Disappointment can be refined for good use. If our present reality teaches us to lament and to seek, we are well on our way through this long, steady disappointment. And in the unbroken world that awaits us, we will solidly arrive at disappointment’s end.
Life is one long, steady disappointment.
This dawns on most people by their thirties. Childhood is all potentiality. The teenage years are all angst—but even angst betrays some hope, since it is only quiet outrage that things could be better. A person can still carry into his twenties the illusion that the world will soon blossom. Not until his thirties does a person realize that much of what’s coming won’t be better than what has come. The forties, fifties, and on often only reinforce Alexander Pope’s infamous beatitude, “Blessed is the man who expects nothing, for he shall never be disappointed.” To live is to be disappointed.
So cheer up. Oddly enough, disappointment can be an indicator you are seeing the world correctly. No one enjoys feeling disappointment. In itself, disappointment is akin to the sadness of loss, and ultimately we were not designed for it. But like all emotions, disappointment is a gauge of how a person perceives his life—what he believes about it and wants from it. When you’re living in a broken world, sometimes believing and wanting the right things means you’ll be disappointed.
The Experience of Disappointment
Human beings are capable of disappointment because they are capable of having expectations. We were made to dream of better days. Every Cleveland sports fan knows this. So does every acne-faced teenager, every sleepless parent of a newborn, every young professional clawing for a career, every recent divorcée sitting in a house now quiet. All of us cast in our minds a widescreen projection of a better reality to move around in, free of the most painful parts of the present. We live in a desert but imagine a garden.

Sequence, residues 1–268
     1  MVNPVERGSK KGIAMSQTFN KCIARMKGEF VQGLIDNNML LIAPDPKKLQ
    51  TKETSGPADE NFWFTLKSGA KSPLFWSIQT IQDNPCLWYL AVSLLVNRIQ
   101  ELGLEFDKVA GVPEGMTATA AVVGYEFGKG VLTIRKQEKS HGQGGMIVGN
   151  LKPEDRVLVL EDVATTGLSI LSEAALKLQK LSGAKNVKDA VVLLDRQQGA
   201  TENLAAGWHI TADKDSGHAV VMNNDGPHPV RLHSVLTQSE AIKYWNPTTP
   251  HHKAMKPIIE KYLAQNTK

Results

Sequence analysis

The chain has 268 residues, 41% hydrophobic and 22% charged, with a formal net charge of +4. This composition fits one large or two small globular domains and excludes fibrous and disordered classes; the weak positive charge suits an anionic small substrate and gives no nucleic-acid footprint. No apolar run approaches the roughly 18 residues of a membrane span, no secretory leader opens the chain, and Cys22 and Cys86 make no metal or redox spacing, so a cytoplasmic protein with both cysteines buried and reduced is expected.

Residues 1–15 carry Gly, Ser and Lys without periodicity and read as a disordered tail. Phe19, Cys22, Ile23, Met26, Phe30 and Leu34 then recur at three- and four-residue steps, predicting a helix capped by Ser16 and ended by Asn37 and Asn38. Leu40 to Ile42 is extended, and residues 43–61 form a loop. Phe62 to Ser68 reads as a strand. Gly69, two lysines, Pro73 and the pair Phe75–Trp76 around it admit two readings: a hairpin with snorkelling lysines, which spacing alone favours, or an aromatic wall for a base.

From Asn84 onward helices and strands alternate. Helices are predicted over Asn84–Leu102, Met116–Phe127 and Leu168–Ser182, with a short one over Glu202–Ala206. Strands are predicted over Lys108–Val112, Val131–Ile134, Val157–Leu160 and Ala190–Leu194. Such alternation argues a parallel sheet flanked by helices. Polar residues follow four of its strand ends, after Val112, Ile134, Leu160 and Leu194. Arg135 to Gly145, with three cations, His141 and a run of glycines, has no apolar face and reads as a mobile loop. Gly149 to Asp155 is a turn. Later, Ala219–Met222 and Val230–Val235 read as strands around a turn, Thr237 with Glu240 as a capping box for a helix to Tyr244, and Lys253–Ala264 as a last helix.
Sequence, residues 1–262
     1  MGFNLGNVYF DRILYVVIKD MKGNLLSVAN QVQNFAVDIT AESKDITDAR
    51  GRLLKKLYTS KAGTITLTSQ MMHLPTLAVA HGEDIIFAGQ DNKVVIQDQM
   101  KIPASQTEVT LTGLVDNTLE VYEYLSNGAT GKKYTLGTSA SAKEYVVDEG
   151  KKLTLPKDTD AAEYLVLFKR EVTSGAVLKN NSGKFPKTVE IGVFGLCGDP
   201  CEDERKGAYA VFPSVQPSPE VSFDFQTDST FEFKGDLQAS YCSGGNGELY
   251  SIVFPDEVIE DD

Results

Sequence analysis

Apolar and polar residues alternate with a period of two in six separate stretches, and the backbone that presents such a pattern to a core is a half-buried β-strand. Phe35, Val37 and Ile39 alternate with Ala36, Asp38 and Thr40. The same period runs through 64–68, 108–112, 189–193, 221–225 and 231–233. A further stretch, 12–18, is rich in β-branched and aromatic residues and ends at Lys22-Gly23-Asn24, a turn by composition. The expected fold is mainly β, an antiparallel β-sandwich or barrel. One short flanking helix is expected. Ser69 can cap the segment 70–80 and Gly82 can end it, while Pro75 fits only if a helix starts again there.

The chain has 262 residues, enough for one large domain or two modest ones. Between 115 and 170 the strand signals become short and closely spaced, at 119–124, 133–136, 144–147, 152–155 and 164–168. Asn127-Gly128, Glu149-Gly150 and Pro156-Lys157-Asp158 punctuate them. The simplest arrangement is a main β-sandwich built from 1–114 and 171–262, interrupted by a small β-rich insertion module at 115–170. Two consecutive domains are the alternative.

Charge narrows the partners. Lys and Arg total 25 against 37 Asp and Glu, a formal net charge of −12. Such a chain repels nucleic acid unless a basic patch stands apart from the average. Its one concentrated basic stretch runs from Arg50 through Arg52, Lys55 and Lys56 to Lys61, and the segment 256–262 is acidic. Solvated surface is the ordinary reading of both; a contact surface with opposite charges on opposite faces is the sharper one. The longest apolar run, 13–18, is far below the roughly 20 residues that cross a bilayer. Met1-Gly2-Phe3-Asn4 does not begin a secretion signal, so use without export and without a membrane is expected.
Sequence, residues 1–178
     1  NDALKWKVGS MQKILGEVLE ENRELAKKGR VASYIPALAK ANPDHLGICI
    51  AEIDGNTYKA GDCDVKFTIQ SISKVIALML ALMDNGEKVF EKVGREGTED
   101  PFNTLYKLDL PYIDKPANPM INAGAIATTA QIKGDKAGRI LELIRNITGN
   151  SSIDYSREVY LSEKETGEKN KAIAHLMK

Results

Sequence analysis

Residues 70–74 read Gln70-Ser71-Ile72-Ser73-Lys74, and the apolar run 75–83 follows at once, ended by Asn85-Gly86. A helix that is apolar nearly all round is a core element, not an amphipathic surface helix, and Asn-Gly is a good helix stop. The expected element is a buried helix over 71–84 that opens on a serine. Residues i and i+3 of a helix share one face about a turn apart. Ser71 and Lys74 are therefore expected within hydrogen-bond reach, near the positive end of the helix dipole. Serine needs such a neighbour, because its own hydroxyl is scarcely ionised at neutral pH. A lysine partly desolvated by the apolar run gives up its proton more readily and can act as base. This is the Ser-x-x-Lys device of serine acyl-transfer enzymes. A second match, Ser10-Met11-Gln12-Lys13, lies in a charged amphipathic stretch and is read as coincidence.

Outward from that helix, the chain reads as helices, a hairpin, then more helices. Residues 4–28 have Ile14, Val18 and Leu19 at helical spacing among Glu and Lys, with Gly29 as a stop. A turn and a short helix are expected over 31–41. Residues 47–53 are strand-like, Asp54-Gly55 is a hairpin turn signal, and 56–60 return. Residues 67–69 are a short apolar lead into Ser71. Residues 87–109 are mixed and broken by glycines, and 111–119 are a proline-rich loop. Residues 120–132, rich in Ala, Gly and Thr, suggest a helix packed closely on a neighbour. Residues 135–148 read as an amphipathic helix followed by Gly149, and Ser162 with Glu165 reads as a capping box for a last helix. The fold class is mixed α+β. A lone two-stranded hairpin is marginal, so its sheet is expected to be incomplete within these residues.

Disappointment is what we experience when that garden never blooms. Of course, we know it won’t blossom immediately. But maybe it will incrementally? Maybe in the next phase of life? Maybe around the next bend? All of these maybes are the projectors on the screen of the mind. What they project we could call expectations.
We experience disappointment as a sense of loss when reality fails to meet our expectations. The key words there are reality and expectations, and both of these terms are charged with theological meaning.
A Theology of Disappointment
Reality is the world that surrounds us, a world that existed before any of us first took in a lungful of oxygen. The world is a given component of our experience, the context we are born into and move around in. It is beyond our control, it is outside our determination, and it operates according to laws we had no say in laying down. Reality is, well, reality. And it constantly fails to match the Eden we love to inhabit in our minds.
Reality is the world in which God placed us. It’s easy to overlook the theological significance of Genesis 2:8: “And the Lord God planted a garden in Eden, in the east, and there he put the man whom he had formed.” God made Adam to be an embodied image of Him in a physical location. This world preceded Adam. It was outside his determination yet under his dominion to be the context of his obedience (1:28). Adam could not have simply lived in his head; he had to traffic in a reality outside his head.
Expectations, on the other hand, are a human response to reality; and as responses, we do have a say in them. Expectations are part hope, part prediction of what reality will be. They are part hope in the sense that they are an expectancy of good. No one is disappointed when something bad they were expecting fails to come about; instead, they experience relief. Hope is the anticipation that reality will be characterized by greater joy, greater provision, greater accomplishment, greater peace.
Adam lost his spot in an ideal reality by disobeying God, who sent him and his wife out of Eden and into the ultimate disappointment of a world stalked by death and decay (Gen. 3:8–24). A world that was once generous with fruit became hostile with thorns.